2) An open neutral causes a significant voltage increase. Anyone with basic electrician knowledge would know that. Furthermore, we have even seen a house explode due to an open neutral combined with a missing earth ground electrode. croc would understand that with basic electrical knowledge. croc knows how to attack; did not bother to first learn.

3) UPS is installed to provide power when utility electric is lost. To protection hardware, other solutions are provided. Hardware protection is defined even in Sun Microsystems "Planning guide for Sun Server room":
> Section 6.4.7 Lightning Protection:
> Lightning surges cannot be stopped, but they can be diverted. The plans
> for the data center should be thoroughly reviewed to identify any paths
> for surge entry into the data center. Surge arrestors can be designed into
> the system to help mitigate the potential for lightning damage within the
> data center. These should divert the power of the surge by providing a
> path to ground for the surge energy. ...

Where do they call for a UPS for hardware protection? They do not. croc has simply reiterated a popular myth - that the UPS provides hardware protection. The UPS provides power to keep servers working. Hardware protection is located elsewhere - defined by what absorbs surges - earth ground.

OP's solution to protect data is a UPS. OP's solution to protect hardware is a properly earthed 'whole house' protector - as Sun Microsystems also requires for their computers. As every telco everywhere in the work installs for their computers. As the US Air Force demands in their every facility. As is standard in maritime communication centers. As even Orange County FL corrected to stop surge damage:
http://www.psihq.com/AllCopper.htm

croc needs to learn before knowing. He even posts popular urban myths about light bulbs because he knows only from observation - also called junk science. He demonstrates why the Silicon Valley needs so many immigrant who actually know how to think logically. Not use junk science reasoning.

What the OP thought was a surge would be completely ignored by any surge protector. What causes power supply damage? No definitive answer is available without an autopsy. But such failures are typical of manufacturing defects.


You want to talk about learning...ask the op if his house has grounded outlets. Most modern houses in the US are already grounded by the utility company at the underground pedestal, or a simple earth ground from the utility box. OP should not need to do this unless his house is excessively old (1950's or earlier). An over voltage would also be ignored by any such grounding.

The reason light bulbs fail by the way, is due to the fact that little bits of the fillament are atomized from being super heated during normal use.This makes the fillament thinner until it eventually breaks. Nothing to do with time as much as heat.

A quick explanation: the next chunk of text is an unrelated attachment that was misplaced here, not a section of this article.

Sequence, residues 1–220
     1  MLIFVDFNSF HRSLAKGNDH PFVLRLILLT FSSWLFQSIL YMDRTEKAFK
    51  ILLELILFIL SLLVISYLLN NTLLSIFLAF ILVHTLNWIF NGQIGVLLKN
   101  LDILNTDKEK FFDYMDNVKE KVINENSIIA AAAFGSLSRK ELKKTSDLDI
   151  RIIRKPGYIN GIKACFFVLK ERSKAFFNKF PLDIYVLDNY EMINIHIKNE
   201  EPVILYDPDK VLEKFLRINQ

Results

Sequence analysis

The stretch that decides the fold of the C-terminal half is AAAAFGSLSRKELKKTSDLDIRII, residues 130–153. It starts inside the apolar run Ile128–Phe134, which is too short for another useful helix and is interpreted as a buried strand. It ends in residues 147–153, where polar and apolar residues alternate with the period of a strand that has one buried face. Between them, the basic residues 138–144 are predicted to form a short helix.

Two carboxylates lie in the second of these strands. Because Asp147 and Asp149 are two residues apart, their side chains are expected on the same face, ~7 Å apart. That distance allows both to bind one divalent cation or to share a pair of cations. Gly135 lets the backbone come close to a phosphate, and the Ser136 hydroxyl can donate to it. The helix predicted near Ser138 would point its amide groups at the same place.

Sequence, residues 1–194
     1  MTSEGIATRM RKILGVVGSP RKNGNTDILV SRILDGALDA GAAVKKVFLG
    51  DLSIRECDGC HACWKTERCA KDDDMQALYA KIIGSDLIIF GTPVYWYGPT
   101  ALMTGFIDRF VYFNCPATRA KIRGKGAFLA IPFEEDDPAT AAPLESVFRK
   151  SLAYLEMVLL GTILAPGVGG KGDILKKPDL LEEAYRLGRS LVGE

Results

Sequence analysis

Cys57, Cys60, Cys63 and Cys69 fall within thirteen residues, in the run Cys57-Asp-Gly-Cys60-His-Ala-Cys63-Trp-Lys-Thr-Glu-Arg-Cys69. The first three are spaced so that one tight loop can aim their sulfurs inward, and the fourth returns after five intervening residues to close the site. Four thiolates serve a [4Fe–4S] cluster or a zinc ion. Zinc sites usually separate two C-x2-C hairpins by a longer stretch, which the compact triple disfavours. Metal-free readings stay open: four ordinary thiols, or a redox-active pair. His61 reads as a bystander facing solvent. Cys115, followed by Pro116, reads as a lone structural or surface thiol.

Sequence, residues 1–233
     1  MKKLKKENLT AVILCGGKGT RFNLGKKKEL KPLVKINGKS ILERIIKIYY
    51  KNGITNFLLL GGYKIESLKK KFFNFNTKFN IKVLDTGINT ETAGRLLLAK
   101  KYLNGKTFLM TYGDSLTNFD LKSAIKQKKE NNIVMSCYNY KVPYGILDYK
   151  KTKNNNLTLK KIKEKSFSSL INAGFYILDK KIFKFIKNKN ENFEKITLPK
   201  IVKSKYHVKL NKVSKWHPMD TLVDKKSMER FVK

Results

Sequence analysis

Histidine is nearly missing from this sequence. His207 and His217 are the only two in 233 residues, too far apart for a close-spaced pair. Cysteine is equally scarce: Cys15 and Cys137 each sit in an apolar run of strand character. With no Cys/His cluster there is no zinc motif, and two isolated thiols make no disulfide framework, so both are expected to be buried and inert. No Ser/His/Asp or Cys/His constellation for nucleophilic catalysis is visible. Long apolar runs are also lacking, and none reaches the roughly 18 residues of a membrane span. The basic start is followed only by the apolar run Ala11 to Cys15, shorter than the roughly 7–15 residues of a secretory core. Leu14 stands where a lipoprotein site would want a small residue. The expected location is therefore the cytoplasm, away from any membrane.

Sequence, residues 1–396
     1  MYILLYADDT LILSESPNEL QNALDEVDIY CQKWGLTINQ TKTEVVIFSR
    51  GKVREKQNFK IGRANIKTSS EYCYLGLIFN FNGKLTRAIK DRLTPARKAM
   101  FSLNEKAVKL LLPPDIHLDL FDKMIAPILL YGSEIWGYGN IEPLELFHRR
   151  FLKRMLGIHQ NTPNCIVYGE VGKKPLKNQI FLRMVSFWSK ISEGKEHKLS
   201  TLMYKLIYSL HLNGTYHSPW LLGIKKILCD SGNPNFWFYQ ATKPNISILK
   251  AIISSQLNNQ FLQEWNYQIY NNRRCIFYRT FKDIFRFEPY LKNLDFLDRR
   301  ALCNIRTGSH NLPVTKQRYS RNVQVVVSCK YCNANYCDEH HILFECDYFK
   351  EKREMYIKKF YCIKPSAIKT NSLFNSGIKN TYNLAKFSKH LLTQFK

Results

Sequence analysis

a b ) Power supply
July 10, 2009 1:22:22 PM

royalcrown said:
You want to talk about learning...ask the op if his house has grounded outlets. Most modern houses in the US are already grounded by the utility company at the underground pedestal, or a simple earth ground from the utility box....
The reason light bulbs fail by the way, is due to the fact that little bits of the fillament are atomized from being super heated during normal use.

First, heat is one parameter of light bulb life expectancy. Increased heat is defined by increased voltage. The numbers: A 120 volt light bulb operating at 126 volts will burn out twice as fast. Two factors that determine light bulb life expectancy are hours and volts. Now back to the point: too many only feel or use wild speculation to 'know'. Too many use junk science reasoning. For example: claim power cycling shortens bulb life expectancy.

Too many completely forget the lessons in junior high science; how to know something. When knowledge comes only from observation, that is classic junk science. That point made repeatedly, in part, because so many forgot that lesson in junior high science.

Second, wires are not electrically same at both ends. Your statement assumes otherwise. Whereas a safety ground wire (receptacle to breaker box) may provide a safety ground connection (for 60 Hz AC), it is insufficient for surges. To be earthed, a protector must connect short to earth short (ie 'less than 10 feet'). Wire cannot have sharp bends. No splices. Wire must be separated from non-grounding wires. Not inside metallic conduit. All ground wires meet and connect at the same earth ground.

Safety ground wires violate most if not all requirements for earthing surges. Worse, many older homes are missing even earthing only for human safety. For surge protection, earthing must meet and exceed post 1990 National Electrical Code requirements. Many if not most homes do not meet those requirements. Even a cold water pipe is no longer sufficient for earthing - even for human safety.

Any home can be upgraded by simply upgrading earthing; do nothing to interior safety ground wiring.

Every surge protection layer is defined by the only thing required in every protection 'system'. Household protection layer is defined by an earthing electrode connected 'less than 10 feet' to breaker box, telco NID, cable, etc. This is called 'secondary protection'. The 'primary protection' system should also be inspected:
http://www.tvtower.com/fpl.html

!